Frantz: Davis blew chance to use get-out-of-jail-free card

Private Pyle just couldn’t handle it anymore. He had been through so much already, and with results being far outpaced by insults, and with his motivation waning, he was ready to pack it in. You remember Private Pyle, don’t you? You remember when he climbed to the top of a giant obstacle during basic training in “Full Metal Jacket,” but was too afraid to step over and go down the other side? Me too. Like it opened yesterday. Well let’s recreate the scene, shall we?

This time, the part of Private Pyle will be played by Raiders’ WR (Weird Receiver?) Javon Walker, and Al Davis will star as Gunnery Sergeant Hartman. It’s Thursday afternoon in Napa, and the Raiders’ owner is standing along the sideline, watching his offense conduct a 7-on-7 passing drill from some 40 yards away. After a few short routes and a period of relative inactivity for Walker, quarterback JaMarcus Russell sends him on a deep out, turning him right into the sideline in front of the Drill Instructor, er, owner. The ball is a bit underthrown, and as a rookie defensive back goes up and takes it away in front of the ground-bound Walker, Hartman — I mean, Davis — lets loose:

“Oh, that’s right, Mr. Walker! Don’t make any *%$#-ing effort to go up for the @&*#-ing ball! If God would have wanted you up there, he would have miracled your butt up there by now, wouldn’t he?”

Walker — clearly frustrated by both his performance in camp and by the public admonishment from the man who had given him a $55 million contract to become the team’s new go-to receiver just a few short months ago — unsnaps his helmet, leans and tells the boss that he’s just about ready to give back his signing bonus and retire from football.

Hartman time.

“Are you quitting on me? Well, are you? Then QUIT, you slimy $#@!*&! Get the #*@! off my football team! Now! MOVE IT! I’m going to rip your @$*! off so you cannot contaminate the rest of the organization! I WILL motivate you, Mr. Walker, if it short-#&@!’s every other player in this training camp!”

Taken aback by the sudden and shocking slap in the face of his reality, the receiver buckles himself up, sprints back to the huddle, and begins his ascent back up the ladder, to the level of the elite wide receivers in the NFL.

Isn’t that what Private Pyle did? Rededicated himself to the task at hand, blocked out all distractions, and transformed himself into a model soldier and a poster-boy Marine? Exactly.

Right up until the time he shot his drill instructor.

OK, so it’s not likely that Javon Walker needs that type of in-your-face motivation from Al Davis, Lane Kiffin or anyone else in silver and black. But if the reports are accurate, Walker did indeed intend to quit on the Raiders, and only a pick-your-chin-up-off-your-chest talking-to by Davis himself was able to get him off the ledge. Walker has suffered through a dismal opening week of training camp, and with so many eyes upon him perhaps he was worried that some teammates may treat him to a “Pyle-like” blanket party after lights out. Coming off a serious injury from which he may never fully recover, being dropped by the Broncos, getting an eyebrow-raising contract from the Raiders, reporting out of shape in mini-camps, suffering a beat down in Vegas and now having a poor initiation in Napa … it’s easy to see why Walker may have wanted to hang up his receiving gloves.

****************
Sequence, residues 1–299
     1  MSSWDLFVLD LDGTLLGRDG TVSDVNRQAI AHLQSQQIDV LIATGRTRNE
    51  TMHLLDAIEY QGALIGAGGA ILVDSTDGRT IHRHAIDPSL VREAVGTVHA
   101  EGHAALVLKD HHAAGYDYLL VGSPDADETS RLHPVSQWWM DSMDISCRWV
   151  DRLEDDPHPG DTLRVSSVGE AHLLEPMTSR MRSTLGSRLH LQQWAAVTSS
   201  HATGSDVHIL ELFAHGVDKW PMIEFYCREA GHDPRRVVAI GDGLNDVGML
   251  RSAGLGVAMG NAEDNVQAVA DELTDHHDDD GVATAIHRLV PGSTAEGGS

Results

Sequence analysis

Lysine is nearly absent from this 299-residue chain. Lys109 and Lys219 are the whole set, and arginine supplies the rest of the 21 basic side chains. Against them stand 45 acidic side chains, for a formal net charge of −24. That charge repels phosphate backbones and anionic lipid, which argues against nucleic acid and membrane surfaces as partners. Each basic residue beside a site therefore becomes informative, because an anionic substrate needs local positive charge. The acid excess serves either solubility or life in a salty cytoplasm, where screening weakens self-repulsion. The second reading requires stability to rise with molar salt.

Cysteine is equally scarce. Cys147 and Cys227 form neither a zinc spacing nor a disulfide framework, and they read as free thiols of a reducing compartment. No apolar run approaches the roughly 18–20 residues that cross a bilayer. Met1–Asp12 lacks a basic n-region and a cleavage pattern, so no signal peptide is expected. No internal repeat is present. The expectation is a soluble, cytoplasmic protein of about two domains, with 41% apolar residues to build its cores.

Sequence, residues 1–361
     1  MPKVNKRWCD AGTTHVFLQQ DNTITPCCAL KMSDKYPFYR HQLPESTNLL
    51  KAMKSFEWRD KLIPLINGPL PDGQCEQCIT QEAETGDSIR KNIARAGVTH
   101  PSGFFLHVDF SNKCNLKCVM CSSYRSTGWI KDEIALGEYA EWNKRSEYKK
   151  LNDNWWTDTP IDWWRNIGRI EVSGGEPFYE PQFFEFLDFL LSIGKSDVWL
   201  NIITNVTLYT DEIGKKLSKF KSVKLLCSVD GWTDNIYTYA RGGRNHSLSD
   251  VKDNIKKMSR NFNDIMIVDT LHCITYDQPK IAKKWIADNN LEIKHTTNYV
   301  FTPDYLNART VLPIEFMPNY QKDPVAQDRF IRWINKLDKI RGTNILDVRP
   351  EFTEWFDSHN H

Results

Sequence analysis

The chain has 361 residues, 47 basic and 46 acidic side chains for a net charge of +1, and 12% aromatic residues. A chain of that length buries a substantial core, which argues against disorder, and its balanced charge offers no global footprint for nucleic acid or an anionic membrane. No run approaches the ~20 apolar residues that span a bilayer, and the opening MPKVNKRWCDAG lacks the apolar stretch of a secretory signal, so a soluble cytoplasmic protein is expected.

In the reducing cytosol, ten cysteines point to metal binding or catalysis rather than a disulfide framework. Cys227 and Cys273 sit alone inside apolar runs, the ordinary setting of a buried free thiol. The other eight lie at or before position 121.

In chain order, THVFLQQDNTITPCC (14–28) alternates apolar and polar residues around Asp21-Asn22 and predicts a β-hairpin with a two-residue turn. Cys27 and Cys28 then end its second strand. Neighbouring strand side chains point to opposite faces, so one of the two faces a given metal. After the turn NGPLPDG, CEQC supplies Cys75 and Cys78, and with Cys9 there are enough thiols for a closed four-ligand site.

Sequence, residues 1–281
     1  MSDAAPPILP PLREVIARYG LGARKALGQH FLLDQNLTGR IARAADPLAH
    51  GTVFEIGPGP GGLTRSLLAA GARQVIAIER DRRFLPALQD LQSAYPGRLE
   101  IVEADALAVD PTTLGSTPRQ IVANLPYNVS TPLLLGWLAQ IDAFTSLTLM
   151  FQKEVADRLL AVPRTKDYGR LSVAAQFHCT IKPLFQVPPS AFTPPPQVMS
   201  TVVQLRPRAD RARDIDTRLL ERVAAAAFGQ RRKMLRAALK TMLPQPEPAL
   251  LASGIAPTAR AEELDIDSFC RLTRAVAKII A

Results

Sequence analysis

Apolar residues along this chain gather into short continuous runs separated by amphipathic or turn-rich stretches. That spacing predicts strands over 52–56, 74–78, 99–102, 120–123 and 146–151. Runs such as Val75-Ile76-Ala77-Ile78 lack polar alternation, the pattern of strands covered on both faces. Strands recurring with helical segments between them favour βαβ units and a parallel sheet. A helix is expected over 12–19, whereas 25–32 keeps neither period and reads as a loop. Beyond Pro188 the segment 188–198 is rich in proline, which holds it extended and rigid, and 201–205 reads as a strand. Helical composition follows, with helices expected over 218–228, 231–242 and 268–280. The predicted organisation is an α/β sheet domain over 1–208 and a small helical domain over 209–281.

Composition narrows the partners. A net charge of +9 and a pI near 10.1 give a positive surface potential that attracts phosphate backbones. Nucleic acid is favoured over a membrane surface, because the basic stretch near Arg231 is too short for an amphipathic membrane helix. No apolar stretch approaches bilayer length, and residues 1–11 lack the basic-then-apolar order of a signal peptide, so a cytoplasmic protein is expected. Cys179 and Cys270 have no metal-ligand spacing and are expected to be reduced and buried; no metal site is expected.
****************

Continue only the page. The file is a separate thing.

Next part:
The real question now becomes, why would Davis talk him out of it? It is almost certain that Walker will never be able to turn in enough catches and yards to warrant those dollars and cents, and the Raiders’ owner was being offered a mulligan before ever leaving the tee box. Why not use it? Why not thank Walker for his honesty, take the $11 million back, and tell him that if he sorts himself out and wants to return, they can re-do the deal?

One possible answer is ego. Perhaps Davis was just reluctant to acknowledge that maybe it was a mistake to commit that kind of money to a guy with that kind of baggage. Or perhaps Davis, who has forgotten more about football and talent evaluation than most of us would learn if we lived to watch Super Bowl DVII, truly believes Walker can still be the experienced, effective wideout that Russell needs in his first full season as a starter.

Whatever the reason, Davis has chosen to play his tee shot, even though it looks from the box like it may be in the deep rough and behind a row of trees.

Let’s hope Walker gives him a decent look from where he is, because right now, it’s his only play.

Sports personality Bob Frantz is a regular contributor to The Examiner. E-mail him at

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